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Logic would tell you that when you start breaking up whole foods into components that we deem “healthier,” it always seems to backfire. Low-fat milk takes away the fat and leaves the milk with a higher concentration of sugar (lactose) and casein — the hard-to-digest dairy protein. The fat that naturally occurs in milk will slow the absorption of the milk sugar into the bloodstream. The following study suggests that drinking full-fat vs. low-fat milk could powerfully lower the risk of developing diabetes.
In a study published in March 2016 in the journal Circulation, researcher’s evaluated 3,333 adults aged 30-75 for the relationship between full-fat dairy consumption and the risk of diabetes.
After following these individuals for 10 years, 277 of them had been diagnosed with diabetes. After adjusting for demographics, metabolic risks factors, lifestyle, diet and other circulating fatty acids, the group with the highest levels of dairy fat (measured using fatty acid bio-markers) circulating in their blood had a significantly lowered risk of a diabetes diagnosis during the study. (1)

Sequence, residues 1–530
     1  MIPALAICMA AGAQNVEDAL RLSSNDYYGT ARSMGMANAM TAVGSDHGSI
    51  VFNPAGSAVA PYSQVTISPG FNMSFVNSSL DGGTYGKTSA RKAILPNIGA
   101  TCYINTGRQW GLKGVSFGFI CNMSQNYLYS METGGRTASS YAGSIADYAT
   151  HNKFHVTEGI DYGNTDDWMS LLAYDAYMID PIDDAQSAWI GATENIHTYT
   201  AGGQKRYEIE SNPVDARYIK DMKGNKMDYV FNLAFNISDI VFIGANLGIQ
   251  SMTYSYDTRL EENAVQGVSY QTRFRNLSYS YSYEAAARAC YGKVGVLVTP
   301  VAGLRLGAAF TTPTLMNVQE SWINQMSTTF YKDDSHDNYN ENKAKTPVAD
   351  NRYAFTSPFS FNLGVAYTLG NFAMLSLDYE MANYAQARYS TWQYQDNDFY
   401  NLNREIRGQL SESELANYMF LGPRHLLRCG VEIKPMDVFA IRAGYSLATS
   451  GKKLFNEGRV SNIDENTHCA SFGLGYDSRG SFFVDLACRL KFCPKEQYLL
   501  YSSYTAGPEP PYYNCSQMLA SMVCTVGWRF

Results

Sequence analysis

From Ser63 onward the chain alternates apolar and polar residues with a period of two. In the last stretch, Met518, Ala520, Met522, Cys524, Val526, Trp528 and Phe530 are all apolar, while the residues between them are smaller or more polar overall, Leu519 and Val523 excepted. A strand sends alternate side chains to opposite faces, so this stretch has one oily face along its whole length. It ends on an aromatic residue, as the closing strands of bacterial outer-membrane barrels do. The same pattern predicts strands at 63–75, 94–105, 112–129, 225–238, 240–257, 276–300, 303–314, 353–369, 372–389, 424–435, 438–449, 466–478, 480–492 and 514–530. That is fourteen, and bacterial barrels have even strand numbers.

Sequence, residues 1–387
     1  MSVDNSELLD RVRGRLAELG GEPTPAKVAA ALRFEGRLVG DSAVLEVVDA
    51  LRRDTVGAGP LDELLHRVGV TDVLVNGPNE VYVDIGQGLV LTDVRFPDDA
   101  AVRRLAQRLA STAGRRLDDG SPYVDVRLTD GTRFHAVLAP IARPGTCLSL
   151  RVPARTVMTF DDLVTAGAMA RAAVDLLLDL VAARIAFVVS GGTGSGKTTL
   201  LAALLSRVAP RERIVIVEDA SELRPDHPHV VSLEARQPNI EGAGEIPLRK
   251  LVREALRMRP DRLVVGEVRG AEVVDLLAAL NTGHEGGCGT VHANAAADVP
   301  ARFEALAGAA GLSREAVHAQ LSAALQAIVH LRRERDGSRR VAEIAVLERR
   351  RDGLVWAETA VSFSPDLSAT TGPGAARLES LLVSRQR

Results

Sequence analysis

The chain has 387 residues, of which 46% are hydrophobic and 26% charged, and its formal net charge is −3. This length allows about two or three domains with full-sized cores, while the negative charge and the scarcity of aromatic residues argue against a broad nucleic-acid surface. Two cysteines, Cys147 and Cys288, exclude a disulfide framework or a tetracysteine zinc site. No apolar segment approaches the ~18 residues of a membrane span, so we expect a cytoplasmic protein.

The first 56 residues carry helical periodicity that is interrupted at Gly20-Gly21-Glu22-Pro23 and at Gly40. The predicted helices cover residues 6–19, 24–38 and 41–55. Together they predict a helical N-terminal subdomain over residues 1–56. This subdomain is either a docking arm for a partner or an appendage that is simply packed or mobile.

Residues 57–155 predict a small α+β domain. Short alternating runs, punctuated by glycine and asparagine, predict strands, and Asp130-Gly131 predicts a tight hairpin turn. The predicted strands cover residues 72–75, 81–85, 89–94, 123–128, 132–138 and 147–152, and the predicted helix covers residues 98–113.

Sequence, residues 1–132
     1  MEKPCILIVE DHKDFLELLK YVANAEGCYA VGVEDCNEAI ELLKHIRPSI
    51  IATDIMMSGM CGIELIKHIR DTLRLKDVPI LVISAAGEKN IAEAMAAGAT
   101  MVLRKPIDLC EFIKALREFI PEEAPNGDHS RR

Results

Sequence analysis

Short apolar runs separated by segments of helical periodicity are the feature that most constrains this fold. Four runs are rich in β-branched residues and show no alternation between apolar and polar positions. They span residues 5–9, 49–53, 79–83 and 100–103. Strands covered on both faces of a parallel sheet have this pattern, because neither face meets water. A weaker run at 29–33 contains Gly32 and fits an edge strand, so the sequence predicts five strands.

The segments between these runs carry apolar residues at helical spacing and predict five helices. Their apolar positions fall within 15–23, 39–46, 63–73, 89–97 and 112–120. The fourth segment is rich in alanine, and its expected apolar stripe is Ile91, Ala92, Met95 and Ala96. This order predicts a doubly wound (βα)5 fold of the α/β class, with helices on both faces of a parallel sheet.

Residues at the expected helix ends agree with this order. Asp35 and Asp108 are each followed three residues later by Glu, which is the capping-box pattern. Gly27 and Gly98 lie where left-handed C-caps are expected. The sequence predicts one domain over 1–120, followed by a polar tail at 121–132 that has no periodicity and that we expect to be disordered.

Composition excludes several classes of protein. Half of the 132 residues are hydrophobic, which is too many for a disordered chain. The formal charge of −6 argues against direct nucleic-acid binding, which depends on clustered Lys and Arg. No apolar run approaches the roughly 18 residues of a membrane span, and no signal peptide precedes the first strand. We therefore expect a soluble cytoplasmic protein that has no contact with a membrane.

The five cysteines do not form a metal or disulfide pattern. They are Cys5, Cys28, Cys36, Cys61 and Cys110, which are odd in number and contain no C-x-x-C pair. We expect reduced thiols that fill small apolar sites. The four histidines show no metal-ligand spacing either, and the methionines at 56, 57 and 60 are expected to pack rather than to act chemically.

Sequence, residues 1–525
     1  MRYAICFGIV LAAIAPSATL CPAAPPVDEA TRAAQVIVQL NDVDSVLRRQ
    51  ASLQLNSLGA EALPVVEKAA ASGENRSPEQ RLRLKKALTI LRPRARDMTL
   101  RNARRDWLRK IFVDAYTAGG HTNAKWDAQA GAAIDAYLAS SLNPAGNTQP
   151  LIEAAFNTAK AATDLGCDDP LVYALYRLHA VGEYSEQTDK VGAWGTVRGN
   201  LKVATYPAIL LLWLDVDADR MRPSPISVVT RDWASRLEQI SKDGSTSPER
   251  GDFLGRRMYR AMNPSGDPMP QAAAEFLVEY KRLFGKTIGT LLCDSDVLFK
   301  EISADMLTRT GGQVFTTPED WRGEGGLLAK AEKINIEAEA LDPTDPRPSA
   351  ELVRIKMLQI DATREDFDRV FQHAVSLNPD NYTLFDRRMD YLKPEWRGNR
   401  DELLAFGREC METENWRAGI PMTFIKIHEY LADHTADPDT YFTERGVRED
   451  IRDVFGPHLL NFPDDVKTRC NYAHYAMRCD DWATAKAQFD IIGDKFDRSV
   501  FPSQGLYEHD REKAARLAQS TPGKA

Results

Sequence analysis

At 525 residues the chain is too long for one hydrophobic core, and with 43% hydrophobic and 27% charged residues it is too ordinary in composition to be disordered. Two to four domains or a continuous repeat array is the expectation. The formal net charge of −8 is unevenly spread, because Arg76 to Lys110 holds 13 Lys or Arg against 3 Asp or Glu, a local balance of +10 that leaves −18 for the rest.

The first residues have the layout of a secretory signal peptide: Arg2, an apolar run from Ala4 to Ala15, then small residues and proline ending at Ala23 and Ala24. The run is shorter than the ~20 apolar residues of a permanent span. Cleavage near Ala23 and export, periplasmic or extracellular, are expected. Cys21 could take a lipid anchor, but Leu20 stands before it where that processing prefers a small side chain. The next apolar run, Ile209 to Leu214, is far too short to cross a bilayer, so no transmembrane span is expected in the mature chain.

Note: If you are going to drink full-fat milk, be sure it is organic, as the growth hormones, pesticides, chemicals and antibiotics that are used in conventional dairy will all deposit in the fatty parts of the milk.
The mechanism for the blood sugar support that full-fat dairy offers may be due to the unique nature of the dairy fat itself. An important fatty acid in dairy is called butyric acid. In one animal study, a high-fiber diet with supplementation of 500 mg/kg of body weight per day of butyric acid reduced diabetic risk by nearly 40 percent, which is very close to the 44 percent risk reduction seen with the group that ate the full-fat dairy. (3)
Studies also have shown significant benefits with grass-fed dairy products. Grass-fed dairy has been shown to have a whopping 500 times more conjugated linoleic acid (CLA) content over grain-fed dairy. (4) CLA has been shown to support healthy blood sugar, weight management, as well as liver and antioxidant function. (5)
In Ayurveda, in addition to full-fat dairy, ghee is used, which is concentrated dairy fat, or butyric acid, with the milk solids boiled off. Studies show that the ingestion of ghee also supports healthy blood sugar levels — likely due to the high concentration of butyric acid found in ghee. (2)